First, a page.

Hong Kong: The stock market rose on Monday. Following the influx of bargain-hunting buyers following the recent sell-off, Wall Street has seen a healthy rally, although it has been limited by concerns about a new virus surge and destructive economic containment measures.
Traders are also waiting for the first presidential debate in the United States this week, which may be crucial to deciding the November election. Many traders worry that close voting may mean that results are delayed or even challenged by losers.
Technology companies have achieved strong growth in New York because the new increase in infections has forced governments (especially in Europe) to place new standby orders at home, leading investors to bet that people will use their computers more.
As the death toll from the disease exceeds one million, the World Health Organization warns that this number may double if more global collective action is not taken.
However, even though many leaders have announced new fiscal measures to support their economy, U.S. congressmen are still vying to adopt a second rescue plan, and the proposals of Democrats and Republicans are far apart.
“The doomy mood music’s soundboard remains tuned to growing concerns about rising Covid-19 case counts and whether policymakers have ammunition to react,” said AxiCorp’s Stephen Innes.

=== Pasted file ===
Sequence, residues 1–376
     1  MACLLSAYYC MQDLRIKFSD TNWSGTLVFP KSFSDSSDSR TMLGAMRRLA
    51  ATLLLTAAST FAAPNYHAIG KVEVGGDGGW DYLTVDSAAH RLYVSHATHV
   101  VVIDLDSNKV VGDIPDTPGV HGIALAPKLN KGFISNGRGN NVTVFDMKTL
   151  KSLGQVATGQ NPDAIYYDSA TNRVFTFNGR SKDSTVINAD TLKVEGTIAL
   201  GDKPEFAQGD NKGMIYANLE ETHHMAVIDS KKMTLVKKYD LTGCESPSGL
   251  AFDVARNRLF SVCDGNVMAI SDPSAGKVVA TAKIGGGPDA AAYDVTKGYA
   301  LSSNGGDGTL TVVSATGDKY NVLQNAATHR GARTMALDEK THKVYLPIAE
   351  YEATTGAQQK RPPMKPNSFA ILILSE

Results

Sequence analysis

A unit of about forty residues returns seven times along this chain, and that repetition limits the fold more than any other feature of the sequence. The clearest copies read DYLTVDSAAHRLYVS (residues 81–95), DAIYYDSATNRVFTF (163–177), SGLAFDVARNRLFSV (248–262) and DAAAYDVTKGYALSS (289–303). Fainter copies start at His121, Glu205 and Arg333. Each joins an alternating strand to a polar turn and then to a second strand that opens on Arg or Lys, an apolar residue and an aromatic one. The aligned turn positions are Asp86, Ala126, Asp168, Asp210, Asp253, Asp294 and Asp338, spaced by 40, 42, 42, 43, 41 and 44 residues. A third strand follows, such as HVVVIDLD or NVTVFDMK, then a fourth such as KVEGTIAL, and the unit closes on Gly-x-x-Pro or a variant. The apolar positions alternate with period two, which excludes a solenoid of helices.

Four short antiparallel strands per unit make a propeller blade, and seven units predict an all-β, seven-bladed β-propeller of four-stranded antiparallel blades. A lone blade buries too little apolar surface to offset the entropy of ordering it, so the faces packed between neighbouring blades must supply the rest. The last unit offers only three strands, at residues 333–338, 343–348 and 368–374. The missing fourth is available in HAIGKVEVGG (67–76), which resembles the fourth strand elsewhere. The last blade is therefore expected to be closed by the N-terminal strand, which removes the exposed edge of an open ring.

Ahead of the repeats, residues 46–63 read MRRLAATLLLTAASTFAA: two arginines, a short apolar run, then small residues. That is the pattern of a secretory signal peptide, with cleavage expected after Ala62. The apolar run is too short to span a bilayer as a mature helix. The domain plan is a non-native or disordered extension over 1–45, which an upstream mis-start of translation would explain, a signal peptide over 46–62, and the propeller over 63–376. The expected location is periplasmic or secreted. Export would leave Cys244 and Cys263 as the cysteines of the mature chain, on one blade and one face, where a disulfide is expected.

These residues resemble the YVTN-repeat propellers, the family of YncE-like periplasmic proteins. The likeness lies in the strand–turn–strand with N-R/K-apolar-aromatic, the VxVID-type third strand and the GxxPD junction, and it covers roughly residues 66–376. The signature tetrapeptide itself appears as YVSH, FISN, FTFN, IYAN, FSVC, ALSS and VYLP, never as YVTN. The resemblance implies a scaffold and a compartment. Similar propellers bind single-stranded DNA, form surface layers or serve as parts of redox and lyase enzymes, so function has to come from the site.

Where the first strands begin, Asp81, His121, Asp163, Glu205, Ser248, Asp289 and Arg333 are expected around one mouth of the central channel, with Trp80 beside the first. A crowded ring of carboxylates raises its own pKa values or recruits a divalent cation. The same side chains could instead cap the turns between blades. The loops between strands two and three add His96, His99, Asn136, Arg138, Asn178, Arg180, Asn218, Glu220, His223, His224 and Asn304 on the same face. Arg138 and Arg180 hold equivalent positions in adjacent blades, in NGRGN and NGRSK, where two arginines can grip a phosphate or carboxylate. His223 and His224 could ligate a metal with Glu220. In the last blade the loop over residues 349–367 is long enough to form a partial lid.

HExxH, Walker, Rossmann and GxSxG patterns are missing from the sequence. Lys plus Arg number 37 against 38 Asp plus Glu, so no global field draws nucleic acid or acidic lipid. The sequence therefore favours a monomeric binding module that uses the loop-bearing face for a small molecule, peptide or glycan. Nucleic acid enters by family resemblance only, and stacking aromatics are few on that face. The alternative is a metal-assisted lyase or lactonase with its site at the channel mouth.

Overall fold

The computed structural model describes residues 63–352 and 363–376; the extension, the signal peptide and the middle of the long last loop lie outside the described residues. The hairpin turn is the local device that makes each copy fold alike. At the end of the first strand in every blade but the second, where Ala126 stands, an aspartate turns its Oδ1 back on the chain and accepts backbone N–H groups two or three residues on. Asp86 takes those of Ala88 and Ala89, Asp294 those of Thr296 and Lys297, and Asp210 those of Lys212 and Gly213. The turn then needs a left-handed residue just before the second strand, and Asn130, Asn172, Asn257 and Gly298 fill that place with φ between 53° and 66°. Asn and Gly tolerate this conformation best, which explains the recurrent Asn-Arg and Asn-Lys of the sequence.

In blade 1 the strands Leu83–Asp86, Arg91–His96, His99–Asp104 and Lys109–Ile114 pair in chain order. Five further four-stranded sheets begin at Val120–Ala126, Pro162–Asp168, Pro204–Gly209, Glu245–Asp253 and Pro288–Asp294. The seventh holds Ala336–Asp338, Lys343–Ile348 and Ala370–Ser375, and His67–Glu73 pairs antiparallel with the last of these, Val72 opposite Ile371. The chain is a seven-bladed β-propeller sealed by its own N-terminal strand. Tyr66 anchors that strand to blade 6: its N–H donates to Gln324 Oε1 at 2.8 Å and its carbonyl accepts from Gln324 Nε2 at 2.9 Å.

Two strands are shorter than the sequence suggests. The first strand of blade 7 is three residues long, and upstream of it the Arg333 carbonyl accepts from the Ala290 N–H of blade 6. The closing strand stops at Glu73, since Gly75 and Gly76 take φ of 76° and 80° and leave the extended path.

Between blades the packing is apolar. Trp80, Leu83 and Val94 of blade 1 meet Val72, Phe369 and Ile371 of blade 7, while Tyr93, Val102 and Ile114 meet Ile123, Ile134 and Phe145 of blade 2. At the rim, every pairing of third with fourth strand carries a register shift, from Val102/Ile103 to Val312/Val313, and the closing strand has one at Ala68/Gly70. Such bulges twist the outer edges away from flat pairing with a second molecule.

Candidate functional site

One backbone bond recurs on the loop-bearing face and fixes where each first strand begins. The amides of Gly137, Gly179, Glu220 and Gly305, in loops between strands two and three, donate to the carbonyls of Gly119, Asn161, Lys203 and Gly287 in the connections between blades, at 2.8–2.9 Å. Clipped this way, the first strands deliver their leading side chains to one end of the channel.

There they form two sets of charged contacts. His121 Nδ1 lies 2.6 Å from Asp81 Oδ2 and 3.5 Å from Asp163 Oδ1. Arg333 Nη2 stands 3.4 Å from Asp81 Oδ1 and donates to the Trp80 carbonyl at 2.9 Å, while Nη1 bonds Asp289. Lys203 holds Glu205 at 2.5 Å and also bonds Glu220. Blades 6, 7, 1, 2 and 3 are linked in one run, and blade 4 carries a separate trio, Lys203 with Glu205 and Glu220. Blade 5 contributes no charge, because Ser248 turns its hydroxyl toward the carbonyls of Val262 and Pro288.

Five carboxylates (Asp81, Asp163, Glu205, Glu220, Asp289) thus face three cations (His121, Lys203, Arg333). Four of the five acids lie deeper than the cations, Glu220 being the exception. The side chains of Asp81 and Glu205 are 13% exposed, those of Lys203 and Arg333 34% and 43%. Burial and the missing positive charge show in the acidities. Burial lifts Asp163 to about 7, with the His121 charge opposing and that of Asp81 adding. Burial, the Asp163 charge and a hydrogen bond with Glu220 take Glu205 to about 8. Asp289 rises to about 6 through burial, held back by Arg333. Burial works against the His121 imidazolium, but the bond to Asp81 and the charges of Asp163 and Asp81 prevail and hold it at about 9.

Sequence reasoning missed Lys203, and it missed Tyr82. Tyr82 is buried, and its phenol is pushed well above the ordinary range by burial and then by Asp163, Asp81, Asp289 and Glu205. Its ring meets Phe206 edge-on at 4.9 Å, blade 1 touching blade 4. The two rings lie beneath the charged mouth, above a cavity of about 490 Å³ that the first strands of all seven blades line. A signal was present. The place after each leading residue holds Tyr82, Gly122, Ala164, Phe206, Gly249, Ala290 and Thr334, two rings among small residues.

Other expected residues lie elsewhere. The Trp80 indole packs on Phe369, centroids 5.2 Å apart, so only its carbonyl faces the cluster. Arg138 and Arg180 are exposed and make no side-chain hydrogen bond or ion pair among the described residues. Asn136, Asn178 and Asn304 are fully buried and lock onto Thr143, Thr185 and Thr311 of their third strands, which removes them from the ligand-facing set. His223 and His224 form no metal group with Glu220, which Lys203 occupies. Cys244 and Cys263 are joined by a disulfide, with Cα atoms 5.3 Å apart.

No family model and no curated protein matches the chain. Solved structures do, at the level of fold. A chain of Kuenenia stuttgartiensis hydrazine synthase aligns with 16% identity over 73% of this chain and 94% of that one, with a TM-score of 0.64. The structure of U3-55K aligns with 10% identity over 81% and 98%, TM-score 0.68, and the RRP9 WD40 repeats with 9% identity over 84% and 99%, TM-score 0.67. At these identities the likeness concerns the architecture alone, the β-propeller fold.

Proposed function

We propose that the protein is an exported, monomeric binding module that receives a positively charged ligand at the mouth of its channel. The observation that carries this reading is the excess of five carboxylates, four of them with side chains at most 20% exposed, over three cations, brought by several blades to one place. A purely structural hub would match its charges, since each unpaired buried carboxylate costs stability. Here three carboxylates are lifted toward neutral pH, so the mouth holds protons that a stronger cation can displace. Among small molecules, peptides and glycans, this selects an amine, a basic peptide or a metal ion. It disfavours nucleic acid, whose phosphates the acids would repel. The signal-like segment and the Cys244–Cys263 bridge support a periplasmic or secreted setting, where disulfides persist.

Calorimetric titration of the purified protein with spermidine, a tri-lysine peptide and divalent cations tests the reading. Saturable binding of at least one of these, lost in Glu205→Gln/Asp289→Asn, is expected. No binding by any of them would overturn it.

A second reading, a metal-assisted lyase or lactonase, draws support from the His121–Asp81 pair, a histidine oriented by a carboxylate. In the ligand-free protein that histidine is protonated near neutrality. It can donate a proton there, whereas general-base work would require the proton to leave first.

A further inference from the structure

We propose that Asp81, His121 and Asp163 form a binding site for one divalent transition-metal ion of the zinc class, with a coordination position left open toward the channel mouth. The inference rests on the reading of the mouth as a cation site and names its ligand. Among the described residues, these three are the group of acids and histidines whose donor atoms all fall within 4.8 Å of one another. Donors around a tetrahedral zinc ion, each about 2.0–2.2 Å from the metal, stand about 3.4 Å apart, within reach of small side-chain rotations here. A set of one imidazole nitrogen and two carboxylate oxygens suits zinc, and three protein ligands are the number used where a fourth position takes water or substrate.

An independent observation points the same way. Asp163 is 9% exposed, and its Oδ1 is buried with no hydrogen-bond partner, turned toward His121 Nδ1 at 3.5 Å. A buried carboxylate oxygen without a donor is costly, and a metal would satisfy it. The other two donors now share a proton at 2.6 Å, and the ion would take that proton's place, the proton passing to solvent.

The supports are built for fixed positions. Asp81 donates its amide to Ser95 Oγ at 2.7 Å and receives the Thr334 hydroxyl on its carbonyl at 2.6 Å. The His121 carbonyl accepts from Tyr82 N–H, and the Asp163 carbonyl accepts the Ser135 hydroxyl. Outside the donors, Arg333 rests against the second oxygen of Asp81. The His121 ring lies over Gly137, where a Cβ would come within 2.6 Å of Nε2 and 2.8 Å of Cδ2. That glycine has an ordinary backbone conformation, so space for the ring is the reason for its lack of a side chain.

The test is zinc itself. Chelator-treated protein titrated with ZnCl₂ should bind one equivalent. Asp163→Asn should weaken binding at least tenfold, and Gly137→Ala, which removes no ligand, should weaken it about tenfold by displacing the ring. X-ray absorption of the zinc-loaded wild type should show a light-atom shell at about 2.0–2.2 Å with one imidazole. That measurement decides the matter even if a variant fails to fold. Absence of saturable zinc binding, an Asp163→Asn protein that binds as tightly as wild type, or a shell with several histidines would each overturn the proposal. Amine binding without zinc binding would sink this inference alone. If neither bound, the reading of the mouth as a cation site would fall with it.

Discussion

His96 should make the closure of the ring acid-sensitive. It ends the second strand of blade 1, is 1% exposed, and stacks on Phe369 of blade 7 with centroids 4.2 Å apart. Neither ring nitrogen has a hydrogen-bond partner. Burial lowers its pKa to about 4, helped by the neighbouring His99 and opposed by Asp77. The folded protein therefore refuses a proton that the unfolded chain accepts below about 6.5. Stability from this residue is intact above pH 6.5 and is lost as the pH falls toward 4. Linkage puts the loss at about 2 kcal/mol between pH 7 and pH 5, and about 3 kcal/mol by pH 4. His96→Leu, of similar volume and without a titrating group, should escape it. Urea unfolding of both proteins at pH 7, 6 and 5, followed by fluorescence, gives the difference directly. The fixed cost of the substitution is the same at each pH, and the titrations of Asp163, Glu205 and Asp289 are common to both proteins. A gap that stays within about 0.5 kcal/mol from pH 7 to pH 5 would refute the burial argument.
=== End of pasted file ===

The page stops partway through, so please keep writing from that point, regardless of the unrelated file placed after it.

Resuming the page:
“In the US, this has centred on whether further fiscal stimulus might be forthcoming before the election.”
Still, Asian markets were in positive territory.
Tokyo rose 0.7% at the end of the morning session, while Seoul and Taipei both rose more than 1%. Shanghai, Sydney, Singapore and Manila are also in an active position.
The Hong Kong stock market also rose, even though China’s largest chip manufacturer Semiconductor Manufacturing International (SMIC) plunged more than 7% after reporting on the weekend that the United States had imposed export controls on it, marking the technological dominance among the superpowers. The latest action in competition.
It is reported that the profits of China’s largest industrial enterprises have increased for the fourth consecutive month, which indicates that the world’s second-largest economy is back on track after its leaders have controlled the virus.